although intended to allay concerns about the environmental safety of
transgenic products, have created a significant financial barrier to entry
for agbiotechnology startups, as well as for academic and government
groups seeking to advance transgenic crop traits. The regulatory approval
costs for agbiotechnology products are estimated to have increased from
$5–10 million per transgenic crop product during the nineties to closer to
$20–30 million today, as the extent of regulatory studies was expanded and
codified, especially for obtaining international approvals for transgenic
traits (my estimates, for major markets).

Increasing regulatory costs are contributing to a concentration of
commercial agbiotechnology products in the hands of a small number of
large agribusiness players. Ironically, this consumer advocate–driven
regulatory barrier is further encouraging the development of the kinds of
large corporate agribusiness that the very same groups complain about.
Given the escalating costs of regulatory approvals, only products
addressing opportunities in the large acreage crops (e.g., corn, soybean,
cotton and canola) can justify the required investment in gaining
regulatory approval for transgenic traits. This hinders the exploitation
of agricultural biotechnologies in the minor crops and restricts licensing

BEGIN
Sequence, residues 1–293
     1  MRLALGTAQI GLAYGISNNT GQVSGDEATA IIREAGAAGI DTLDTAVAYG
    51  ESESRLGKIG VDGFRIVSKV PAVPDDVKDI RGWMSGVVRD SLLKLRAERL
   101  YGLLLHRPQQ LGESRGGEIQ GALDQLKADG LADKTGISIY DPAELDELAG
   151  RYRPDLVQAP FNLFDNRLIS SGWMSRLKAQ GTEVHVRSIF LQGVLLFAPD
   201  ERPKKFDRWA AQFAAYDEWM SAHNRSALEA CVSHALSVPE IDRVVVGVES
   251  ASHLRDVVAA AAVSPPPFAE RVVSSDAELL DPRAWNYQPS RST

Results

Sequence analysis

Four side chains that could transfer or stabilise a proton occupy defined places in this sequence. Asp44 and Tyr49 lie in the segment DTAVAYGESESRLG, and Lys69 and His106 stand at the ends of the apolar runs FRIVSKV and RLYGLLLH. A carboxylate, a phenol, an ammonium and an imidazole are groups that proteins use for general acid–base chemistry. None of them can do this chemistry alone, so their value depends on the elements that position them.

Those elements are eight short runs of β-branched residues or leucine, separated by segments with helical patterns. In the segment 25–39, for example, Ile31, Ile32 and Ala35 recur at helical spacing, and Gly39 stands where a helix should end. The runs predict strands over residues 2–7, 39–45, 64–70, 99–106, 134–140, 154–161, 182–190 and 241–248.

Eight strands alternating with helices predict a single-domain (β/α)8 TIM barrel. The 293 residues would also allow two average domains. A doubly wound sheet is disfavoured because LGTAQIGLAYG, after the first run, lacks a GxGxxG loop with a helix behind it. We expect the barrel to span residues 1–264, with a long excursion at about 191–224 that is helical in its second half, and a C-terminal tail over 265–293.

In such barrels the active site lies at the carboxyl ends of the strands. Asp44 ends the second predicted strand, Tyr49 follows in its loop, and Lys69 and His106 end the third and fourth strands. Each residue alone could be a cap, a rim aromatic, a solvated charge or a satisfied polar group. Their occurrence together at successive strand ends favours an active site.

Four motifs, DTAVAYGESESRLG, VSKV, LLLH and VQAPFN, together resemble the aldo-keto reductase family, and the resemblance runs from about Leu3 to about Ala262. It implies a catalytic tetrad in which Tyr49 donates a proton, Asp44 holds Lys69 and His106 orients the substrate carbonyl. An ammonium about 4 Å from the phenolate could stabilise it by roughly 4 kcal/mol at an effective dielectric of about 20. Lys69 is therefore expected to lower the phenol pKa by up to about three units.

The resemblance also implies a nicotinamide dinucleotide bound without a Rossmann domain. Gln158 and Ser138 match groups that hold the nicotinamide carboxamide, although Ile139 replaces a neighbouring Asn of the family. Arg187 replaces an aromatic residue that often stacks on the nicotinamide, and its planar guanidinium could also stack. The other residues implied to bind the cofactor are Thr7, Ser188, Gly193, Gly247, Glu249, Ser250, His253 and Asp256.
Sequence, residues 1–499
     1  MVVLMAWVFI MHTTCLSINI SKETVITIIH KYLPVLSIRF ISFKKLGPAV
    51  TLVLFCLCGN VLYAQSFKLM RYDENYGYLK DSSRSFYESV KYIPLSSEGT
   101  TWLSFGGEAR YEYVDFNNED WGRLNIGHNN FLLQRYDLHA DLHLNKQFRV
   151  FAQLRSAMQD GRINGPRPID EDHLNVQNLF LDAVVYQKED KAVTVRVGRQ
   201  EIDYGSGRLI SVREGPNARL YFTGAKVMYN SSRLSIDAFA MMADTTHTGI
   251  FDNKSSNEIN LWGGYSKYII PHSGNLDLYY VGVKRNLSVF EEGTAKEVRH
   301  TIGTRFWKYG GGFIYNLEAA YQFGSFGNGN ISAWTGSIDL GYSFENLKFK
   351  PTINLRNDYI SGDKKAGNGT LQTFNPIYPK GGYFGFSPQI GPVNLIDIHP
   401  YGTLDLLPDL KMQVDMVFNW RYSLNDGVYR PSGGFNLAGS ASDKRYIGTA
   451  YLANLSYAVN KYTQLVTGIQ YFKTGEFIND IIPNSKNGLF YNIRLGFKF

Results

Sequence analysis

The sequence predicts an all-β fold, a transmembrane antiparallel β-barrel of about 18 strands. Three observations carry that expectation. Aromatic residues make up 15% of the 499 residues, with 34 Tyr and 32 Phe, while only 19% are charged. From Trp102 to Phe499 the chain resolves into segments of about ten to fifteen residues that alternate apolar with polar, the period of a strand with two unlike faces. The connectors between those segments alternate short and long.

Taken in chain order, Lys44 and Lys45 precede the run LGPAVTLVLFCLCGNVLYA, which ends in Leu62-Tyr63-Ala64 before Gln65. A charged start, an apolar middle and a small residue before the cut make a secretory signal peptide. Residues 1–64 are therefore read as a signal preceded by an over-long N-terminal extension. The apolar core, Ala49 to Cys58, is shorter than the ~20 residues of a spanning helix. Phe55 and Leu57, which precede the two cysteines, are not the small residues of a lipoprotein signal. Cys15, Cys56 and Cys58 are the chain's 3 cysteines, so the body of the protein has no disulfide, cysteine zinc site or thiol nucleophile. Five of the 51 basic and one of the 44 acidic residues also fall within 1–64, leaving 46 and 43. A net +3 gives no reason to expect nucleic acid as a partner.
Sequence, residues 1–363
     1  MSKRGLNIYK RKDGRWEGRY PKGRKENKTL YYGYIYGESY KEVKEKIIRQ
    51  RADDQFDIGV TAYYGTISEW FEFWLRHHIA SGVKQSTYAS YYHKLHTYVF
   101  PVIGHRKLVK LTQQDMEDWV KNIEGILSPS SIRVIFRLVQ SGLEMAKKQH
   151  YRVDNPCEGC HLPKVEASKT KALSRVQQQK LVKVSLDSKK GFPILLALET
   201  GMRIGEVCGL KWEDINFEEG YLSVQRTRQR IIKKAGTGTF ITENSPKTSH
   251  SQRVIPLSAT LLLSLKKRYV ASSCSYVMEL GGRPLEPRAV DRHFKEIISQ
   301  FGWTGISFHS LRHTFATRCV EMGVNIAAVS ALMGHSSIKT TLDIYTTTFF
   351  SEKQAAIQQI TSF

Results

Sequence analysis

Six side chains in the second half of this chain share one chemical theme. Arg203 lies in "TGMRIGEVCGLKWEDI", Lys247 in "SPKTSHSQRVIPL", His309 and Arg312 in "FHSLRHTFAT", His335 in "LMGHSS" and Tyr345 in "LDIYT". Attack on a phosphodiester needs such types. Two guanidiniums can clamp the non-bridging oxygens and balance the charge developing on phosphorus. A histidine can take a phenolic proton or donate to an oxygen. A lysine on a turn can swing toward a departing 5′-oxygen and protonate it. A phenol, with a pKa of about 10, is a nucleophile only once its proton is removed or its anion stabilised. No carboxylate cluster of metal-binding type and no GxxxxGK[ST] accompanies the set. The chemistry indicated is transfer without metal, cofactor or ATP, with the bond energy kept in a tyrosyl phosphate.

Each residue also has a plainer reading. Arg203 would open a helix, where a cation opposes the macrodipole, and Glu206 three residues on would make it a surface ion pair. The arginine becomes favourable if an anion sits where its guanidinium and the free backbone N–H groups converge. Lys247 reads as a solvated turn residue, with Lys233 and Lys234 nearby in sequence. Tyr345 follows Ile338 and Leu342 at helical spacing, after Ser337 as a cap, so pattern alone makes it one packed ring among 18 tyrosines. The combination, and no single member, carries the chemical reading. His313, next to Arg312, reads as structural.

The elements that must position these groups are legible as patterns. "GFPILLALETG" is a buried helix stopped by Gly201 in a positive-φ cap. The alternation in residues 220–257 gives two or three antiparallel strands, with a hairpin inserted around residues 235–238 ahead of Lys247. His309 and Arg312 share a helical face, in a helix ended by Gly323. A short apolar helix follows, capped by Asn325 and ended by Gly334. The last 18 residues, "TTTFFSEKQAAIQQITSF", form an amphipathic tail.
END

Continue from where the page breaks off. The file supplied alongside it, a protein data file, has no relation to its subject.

opportunities for both private and public sector technology providers in
these crops. This regulatory situation also excludes the public sector
from independently participating in agbiotechnology product development,
especially for those opportunities that are important to developing
nations, many of which could well benefit from these new agricultural
technologies. Escalation in regulatory costs will lead to the creation of
two classes of crops: first, those large acreage crops able to financially
justify the application of agbiotechnology and second, all other crops
that cannot afford these costs.

Industry consolidation issues. Declining revenues in the agrochemical
industry, in part brought on by the success of agbiotechnology products,
has led to consolidation as agrochemical companies seek to maintain
incomes by cutting costs, including rationalizing their merged R&D
activities. In 1995, there were eleven large agrochemical companies with
interests in agbiotechnology. Today, as a result of mergers, there are
only six, and by 2004–2005 there may only be four large agrochemical
companies left as Monsanto, DuPont (Wilmington, DE, USA), Dow
(Indianapolis, IN, USA) and BASF (Ludwigshafen, Germany), each with net
sales in 2002 of less than $3 billion, seek to exploit the economies of
scale and scope currently afforded to Bayer (Leverkusen, Germany) and
Syngenta (Basel, Switzerland), each with net sales in 2002 of around $5
billion12. Consolidation means fewer potential agrochemical customers for
both in-licensing new agricultural biotechnologies and acquiring the